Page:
2016 Hurricane Matthew – CDC International Response
Photo courtesy of Coralie Giese, CDC Global Rapid Response Team
Category 4 Hurricane Matthew struck the south-west coast of Haiti at 0700 local time (1200 GMT) on 4 October. Wind speeds of 230km/h were recorded, causing widespread damage, flooding and displacement. The most affected departments are Grand Anse, South, Nippes and South East, where heavy floods were recorded. West and North West departments were also affected. The government of Haiti has issued a Red Alert and the Haiti National Emergency Operation Center has been activated. Estimates are that over 2 million people could be affected.
What is CDC doing?
CDC’s Emergency Response and Recovery Branch is leading efforts to support countries impacted by Hurricane Matthew. This includes coordinating with the US Office of Foreign Disaster Assistance (OFDA), the CDC Haiti Country Office, and other governmental and humanitarian partners to support response efforts. CDC’s country office in Haiti and teams of public health responders from Atlanta are focusing their efforts on assessing the public health impact of the storm and working with our Haitian partners to repair damaged public health systems. CDC health experts are in Haiti to assess the impact of the storm on health needs and infrastructure.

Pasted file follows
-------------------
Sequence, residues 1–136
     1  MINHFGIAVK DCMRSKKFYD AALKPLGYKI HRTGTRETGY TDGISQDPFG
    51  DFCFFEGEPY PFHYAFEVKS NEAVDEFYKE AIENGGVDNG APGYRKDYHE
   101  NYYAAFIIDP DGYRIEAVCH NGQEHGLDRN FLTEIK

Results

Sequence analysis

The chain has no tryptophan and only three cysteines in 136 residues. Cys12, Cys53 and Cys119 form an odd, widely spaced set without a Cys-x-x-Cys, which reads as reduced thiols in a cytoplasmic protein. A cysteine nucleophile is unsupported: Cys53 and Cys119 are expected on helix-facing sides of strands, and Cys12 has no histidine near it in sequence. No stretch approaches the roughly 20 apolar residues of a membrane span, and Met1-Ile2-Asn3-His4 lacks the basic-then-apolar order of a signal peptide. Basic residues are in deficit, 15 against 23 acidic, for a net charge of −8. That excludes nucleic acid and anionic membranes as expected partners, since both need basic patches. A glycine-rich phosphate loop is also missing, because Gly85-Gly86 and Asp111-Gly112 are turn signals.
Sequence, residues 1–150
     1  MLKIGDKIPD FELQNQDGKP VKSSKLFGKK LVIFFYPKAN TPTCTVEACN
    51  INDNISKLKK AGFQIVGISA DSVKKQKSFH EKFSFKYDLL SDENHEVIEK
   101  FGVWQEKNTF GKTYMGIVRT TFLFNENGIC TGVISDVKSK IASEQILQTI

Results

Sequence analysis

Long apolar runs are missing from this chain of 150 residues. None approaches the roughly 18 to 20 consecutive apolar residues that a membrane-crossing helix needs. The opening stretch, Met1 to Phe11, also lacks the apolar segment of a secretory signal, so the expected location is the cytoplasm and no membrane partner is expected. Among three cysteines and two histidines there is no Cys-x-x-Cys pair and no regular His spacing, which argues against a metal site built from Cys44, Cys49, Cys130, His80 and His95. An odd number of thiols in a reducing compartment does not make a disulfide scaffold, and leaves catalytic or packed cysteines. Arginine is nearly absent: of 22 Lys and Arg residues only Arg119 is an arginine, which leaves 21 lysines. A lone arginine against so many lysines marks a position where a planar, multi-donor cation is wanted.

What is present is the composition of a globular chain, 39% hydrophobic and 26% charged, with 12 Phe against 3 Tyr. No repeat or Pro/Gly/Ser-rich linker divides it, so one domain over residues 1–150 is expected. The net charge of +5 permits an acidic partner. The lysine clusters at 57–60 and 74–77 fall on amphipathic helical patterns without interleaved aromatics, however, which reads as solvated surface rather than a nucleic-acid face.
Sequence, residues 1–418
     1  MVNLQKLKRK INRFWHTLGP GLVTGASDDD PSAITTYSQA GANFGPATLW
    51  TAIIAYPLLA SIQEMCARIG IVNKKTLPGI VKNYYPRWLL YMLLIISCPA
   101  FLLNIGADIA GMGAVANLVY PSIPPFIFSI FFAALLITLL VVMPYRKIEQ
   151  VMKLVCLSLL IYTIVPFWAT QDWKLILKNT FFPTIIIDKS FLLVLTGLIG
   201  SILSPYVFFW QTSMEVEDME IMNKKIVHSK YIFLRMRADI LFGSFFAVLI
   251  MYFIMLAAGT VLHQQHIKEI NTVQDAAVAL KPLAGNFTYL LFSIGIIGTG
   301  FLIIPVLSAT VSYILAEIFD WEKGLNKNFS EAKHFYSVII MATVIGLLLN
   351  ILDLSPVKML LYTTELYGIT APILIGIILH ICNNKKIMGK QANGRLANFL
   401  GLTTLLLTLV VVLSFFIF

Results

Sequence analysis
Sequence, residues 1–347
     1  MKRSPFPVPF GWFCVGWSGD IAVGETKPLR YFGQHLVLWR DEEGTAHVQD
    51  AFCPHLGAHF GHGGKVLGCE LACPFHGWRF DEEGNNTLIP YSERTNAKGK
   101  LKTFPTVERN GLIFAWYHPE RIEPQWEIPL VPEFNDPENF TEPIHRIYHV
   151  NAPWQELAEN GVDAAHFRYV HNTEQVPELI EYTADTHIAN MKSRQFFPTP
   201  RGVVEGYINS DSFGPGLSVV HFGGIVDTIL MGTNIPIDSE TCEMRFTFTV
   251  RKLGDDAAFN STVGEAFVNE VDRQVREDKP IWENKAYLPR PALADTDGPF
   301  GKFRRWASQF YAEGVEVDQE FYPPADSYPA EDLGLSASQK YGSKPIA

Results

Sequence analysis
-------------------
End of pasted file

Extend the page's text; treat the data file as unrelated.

Current health priorities for the CDC Haiti country office are to ensure that those affected continue to receive health care; to collect data on cholera and other diseases that are prone to outbreaks, and to evaluate the interruption of safe water and sanitation supplies.
Hurricane Matthew and Haiti: Putting CDC Expertise to Work
What you can do
After a hurricane, you may face flooding, downed power lines, damage from mold, and other risks to your health. Get tips on how to recover safely from a hurricane. USAID’s Center for International Disaster Information provides information on the most effective ways to support international disaster relief and recovery.